The long driveway up to Whitley Manor was lined with dogwood trees in full bloom. The white flowers glistening in the sunlight from the early morning dew were beautiful. Unlike the mood that Sara was in. Why was it necessary that she come here? She wanted to just sell and be done with it, but the will specified that she must come and inspect the property first.
"Sara, look at the house! It's beautiful and stately. Are you sure you want to sell it, your family has owned it for generations?" Jon said in excitment. Jon was her fiance and for the last two hours he had gotten royally on her nerves going on about the history of the house and how wonderful it would be to raise a family here.
"Jon, for the last time. Shut up about it. This plantation was the biggest purchaser of slaves in the state and it disgusts me! My great great grandfather must of been a pig to do such a thing and I don't want any part of it. I don't know why Auntie Ann left it to me in the first place."
"Maybe cause you are the last Whitley." Jon snapped back irrated at her for not even considering it.
They were pulling in front of the house now and she wanted to think about what she had to do. "We are going to go in, make an inventory of furniture,decide what to sell and that's final."
As she got out of the jeep she noticed that a white cobblestone walkway went up to the house and around to the side all the way past a big barn in the distance to two smaller buildings just down the hillside. How odd, she thought.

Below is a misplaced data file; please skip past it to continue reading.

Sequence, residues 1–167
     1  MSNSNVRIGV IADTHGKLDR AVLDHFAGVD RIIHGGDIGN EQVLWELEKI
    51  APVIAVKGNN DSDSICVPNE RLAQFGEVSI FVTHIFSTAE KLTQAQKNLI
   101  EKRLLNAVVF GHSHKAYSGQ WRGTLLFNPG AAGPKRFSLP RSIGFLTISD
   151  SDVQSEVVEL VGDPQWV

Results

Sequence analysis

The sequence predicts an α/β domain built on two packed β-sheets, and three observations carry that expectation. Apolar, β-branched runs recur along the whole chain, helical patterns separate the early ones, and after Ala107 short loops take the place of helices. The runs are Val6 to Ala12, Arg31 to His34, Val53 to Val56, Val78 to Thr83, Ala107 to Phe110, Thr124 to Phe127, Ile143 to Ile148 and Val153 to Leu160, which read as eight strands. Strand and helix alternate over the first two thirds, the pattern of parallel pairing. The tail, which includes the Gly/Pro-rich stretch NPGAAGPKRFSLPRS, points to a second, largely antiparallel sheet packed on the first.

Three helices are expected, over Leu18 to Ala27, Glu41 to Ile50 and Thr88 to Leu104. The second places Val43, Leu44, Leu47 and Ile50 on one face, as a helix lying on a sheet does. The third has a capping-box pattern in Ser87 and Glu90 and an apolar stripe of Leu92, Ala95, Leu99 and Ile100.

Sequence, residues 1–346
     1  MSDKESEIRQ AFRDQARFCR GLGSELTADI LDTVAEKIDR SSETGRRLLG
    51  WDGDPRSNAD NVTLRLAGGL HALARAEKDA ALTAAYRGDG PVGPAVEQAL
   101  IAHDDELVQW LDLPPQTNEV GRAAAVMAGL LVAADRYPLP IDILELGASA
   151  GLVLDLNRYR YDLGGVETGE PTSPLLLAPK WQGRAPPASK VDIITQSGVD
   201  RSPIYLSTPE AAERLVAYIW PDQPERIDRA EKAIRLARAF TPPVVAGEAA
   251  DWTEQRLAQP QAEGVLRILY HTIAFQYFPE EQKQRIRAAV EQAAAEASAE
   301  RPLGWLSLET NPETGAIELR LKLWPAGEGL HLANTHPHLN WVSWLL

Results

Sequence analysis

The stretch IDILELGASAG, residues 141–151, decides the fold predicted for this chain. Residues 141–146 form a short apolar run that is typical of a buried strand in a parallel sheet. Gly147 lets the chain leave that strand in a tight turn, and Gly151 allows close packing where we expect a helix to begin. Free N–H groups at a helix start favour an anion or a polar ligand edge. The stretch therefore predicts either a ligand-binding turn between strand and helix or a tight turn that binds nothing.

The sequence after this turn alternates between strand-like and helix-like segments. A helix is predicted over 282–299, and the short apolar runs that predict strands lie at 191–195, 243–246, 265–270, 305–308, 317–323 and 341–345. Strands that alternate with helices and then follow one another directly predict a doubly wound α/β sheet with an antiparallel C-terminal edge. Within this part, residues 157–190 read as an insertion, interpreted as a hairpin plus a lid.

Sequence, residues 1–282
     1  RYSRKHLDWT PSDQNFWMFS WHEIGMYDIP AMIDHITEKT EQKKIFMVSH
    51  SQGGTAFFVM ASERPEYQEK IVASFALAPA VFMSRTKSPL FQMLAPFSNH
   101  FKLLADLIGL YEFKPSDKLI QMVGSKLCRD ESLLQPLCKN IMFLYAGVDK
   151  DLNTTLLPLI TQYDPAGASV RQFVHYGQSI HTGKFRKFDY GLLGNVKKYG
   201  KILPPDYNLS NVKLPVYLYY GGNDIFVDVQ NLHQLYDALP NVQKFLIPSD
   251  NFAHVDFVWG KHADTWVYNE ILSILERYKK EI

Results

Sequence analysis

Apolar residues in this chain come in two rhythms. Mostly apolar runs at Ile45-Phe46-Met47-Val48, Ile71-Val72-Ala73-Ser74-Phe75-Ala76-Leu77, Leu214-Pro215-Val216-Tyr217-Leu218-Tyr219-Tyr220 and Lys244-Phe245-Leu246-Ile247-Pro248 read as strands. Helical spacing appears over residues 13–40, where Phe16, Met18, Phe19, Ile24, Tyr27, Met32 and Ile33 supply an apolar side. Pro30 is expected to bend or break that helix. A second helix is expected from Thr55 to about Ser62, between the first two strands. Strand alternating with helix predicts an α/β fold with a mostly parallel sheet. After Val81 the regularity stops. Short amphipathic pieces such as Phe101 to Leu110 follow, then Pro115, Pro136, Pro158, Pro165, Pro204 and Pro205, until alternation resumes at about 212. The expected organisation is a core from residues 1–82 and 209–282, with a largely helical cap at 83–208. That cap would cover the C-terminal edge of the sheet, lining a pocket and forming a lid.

As she was turning the key to enter the house a truck pulled up and an old black man got out with the biggest smile she had ever seen. " You must be Ms. Sara!" he said with a raised eyebrow. "You are more beautiful than your Aunt Ann told me."
"I beg your parden, but who are you? How do your know Aunt Ann?" Sara replied.
" I'm Jarvis. Your Aunt Ann was one of my best friends. I helped her keep the place up after she got sick."
"I see" Sara said. "Well, Jarvis, I'm just here to take inventory before we sell, but it's nice to meet you. Thank you for helping Aunt Ann."
"That's a shame. A Whitley has been my family's neighbor for generations. Ann said you'd be coming after she passed and asked me to come show you how to get in the attic." Jarvis was frowning now and looking uncomfortable. He had thought this was going to be a pleasant experience meeting Ann's only niece but it was not turning out that way.
"Jarvis, just why do I need to know where the attic is." Sara said as she looked at the top of the stairs in
disgust. There on the wall hung a large picture of her great great grandfather, Thomas Whitley, slave trader.
"Well, that's where all Sara Elizabeth Whitley's things are stored. Ann wanted you to get to know your namesake."
Sara followed Jarvis up the stairs not daring to look a the painting of her grandfather again for fear she would physically be sick. Down the hallway they entered a smaller staircase into the attic. Jarvis flipped a light switch, " I'll leave you to your inventory now. It was nice to finally meet you, Ann often spoke of you with pride." Sara nodded a polite "Thank you." as see looked in amazement around the room.